Back in 2009, Leadsom used an adoption case – in which the two children of a heroin addict were given to a GAY couple (!?!?) – to question just when enough is enough when it comes to gay rights. “And if that weren’t enough, the two strangers are a gay couple, who have been selected ahead of several heterosexual couples.”

and

2. Watch out for those single parents

In 2006, she wrote that “the child of a single parent family is 70 per cent more likely (than the child of a two-parent family) to have problems at school, and even to become a drug addict or a criminal.”

and

3. And that anti-marriage media

“The self indulgence and carelessness of non-committed adult relationships is proving fatal to the next generation,” she wrote in 2008.

and

5. Those baby-brained rioters

“I explained how secure attachment or parental love literally hard wires the baby’s brain,” Leadsom wrote in 2012.

and

6. No money for wind farms

“I completely welcome the announcement from the European Commission made recently regarding the possibility of ending all subsidies for winds farms,” she wrote in 2014.

and, particularly ludicrously

8. Those US presidents getting invites before us

“How can France be hosting the 65th anniversary of the Normandy landings with Sarkozy and Obama (neither of them a twinkle in their father’s eye in 1945) in attendance, and yet the Queen of Britain, Canada, and Australia (who was not only alive, but who also served in the war) was not invited until two weeks ago?”

Now, one can disagree vehemently with one or many of these points. This blog certainly does not share Andrea Leadsom’s reflexive opposition to gay couples adopting children, for example. But sincere political disagreements on social, cultural and economic issues – the full range cited throughout the New Statesman’s tawdry hit piece – should be possible without us becoming physically afraid of one another.

Yet the New Statesman presents these rather pedestrian conservative positions and then exhorts its readers to be “truly terrified” by what they see. The magazine does not encourage them to challenge the validity of Leadsom’s views, much less offer its own point-by-point rebuttal. The fact that Leadsom is wrong is taken for granted, which is bad enough, but worse still is the fact that the New Statesman seeks to provoke an emotional rather than an intellectual reaction.

This is exactly what so many commentators (including that magazine) were telling us we should not be doing in the wake of the murder of Jo Cox MP. Less than a month ago we were being told to respect one another’s opinions and engage in calm, rational dialogue. Yet when it comes to confronting conservatives, many opinion leaders on the Left are more than happy to provoke angry, confrontational responses – whether they take the form of hateful mobs outside the home of Boris Johnson on the morning after the EU referendum or articles instructing people to actively fear conservatives.

This is an exclusively left-wing phenomenon. While there are plenty of nasty, stupid reactionaries on the conservative side, rarely do they treat left-wingers as a physical or emotional threat. The murderer of Jo Cox, to the extent that he was motivated by politics rather than madness, is the great exception to this rule. The Left, by contrast – particularly that part of the Left which has been captured by the Cult of Social Justice and Identity Politics – are starting to treat anybody who does not agree with and actively validate their ideas as enemies, literal enemies who mean them harm. If this atmosphere persists, how long will it be until some mentally unstable left-winger, taught by the commentariat to believe that political disagreement is akin to an act of harm, lashes out at an opponent with potentially tragic consequences?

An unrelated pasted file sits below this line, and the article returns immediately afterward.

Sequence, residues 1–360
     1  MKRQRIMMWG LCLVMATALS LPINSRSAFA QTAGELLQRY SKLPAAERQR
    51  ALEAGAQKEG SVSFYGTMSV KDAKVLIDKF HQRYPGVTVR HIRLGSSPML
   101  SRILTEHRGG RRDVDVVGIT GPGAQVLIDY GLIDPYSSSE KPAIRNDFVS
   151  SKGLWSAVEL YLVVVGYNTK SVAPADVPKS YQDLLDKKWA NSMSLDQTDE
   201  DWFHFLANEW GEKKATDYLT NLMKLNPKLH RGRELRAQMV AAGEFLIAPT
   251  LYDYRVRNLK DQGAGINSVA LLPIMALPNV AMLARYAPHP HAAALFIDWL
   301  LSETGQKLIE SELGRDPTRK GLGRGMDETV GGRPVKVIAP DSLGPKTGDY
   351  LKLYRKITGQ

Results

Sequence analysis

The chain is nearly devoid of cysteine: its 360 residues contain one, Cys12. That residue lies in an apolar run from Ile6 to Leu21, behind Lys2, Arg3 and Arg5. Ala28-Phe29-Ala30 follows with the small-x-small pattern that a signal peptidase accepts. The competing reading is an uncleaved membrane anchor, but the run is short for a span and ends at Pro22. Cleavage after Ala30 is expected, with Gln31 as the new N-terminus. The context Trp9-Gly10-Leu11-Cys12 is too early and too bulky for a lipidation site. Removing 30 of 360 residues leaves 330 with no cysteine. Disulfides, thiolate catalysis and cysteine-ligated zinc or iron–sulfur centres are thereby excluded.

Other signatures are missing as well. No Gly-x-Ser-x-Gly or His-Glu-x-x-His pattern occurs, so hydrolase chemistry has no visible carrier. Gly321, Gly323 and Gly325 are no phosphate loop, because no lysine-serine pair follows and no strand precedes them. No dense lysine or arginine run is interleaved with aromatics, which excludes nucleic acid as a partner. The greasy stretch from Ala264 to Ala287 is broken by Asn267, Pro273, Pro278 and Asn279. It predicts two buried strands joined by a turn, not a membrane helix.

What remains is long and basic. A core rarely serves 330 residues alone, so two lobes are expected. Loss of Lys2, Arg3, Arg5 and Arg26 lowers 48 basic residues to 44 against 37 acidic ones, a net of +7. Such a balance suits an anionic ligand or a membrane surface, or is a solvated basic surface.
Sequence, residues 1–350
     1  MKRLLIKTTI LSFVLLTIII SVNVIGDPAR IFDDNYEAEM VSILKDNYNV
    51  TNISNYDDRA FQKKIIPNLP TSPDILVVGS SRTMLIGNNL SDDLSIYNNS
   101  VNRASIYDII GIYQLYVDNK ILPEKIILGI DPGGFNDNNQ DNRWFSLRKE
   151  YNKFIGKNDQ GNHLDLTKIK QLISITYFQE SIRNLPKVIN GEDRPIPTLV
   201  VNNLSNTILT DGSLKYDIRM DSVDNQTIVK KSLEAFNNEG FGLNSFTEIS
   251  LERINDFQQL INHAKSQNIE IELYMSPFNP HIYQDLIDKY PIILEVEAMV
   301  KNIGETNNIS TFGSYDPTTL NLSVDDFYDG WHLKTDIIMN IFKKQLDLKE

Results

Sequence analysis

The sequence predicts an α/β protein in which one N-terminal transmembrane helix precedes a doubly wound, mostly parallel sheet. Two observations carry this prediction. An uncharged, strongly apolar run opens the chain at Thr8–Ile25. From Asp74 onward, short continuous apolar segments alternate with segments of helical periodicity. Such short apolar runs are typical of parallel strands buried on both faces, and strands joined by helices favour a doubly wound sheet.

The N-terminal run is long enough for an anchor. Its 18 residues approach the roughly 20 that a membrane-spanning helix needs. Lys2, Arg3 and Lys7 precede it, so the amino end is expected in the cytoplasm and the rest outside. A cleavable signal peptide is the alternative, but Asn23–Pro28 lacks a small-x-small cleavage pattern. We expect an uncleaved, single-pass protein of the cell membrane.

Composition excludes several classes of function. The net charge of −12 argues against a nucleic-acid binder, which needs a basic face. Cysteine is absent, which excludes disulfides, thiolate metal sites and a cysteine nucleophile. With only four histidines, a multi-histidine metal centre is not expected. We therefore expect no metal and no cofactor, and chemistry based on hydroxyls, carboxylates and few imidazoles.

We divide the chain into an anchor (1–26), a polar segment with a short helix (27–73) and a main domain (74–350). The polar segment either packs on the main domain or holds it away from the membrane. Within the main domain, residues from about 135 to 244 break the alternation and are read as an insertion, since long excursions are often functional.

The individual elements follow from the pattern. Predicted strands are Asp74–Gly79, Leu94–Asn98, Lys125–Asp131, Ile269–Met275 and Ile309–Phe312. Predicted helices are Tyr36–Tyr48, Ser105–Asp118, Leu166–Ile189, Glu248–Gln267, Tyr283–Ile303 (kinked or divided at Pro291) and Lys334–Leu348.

One way or another, we are all going to have to coexist on this island – at least, those of us who are not bizarrely reacting to the Brexit vote by flouncing off to independent countries without an NHS will still have to deal with each other. Treating half of the country as actively dangerous people of whom we should be terrified is about the least conducive thing to bringing about that spirit of tolerance, and the New Statesman should be ashamed for its part in feeding this atmosphere of hysteria.

And look at some of the things which the New Statesman wants its readers to be terrified about. Andrea Leadsom celebrated the potential end of subsidies for wind farms – how scary! Leadsom wants to invest in “psychotherapeutic support for families struggling with the earliest relationship with their baby” – why, she’s just like Genghis Khan! She didn’t take kindly to President Barack Obama interfering in our internal EU referendum debate, and dared to say so – what an awful, America-hating isolationist!

The disbelieving hysteria which greeted Ed Miliband’s 2015 general election loss and now the 2016 EU referendum result shows that much of the modern Left is already utterly incapable of empathising with those holding other viewpoints – and in some cases simply cannot conceive of their existence. Time and time again we hear tearful sob stories from disappointed lefties that they don’t understand how they lost, because everyone they know voted the “right” way.

But with tawdry articles such as this, the New Statesman seeks to turn that gulf of incomprehension into a gnawing, corrosive and dangerous fear of conservatives, and of any ideas outside of the insular leftist orthodoxy. And this could potentially be disastrous for our country, not to mention for individual conservatives currently being demonised as terrifying, two-dimensional cartoon bogeymen rather than thinking, decent people who just happen to have a different outlook on life.

So how should we respond to opposing political views in the post Jo Cox era? Here’s a tip for the New Statesman and everyone else in the media: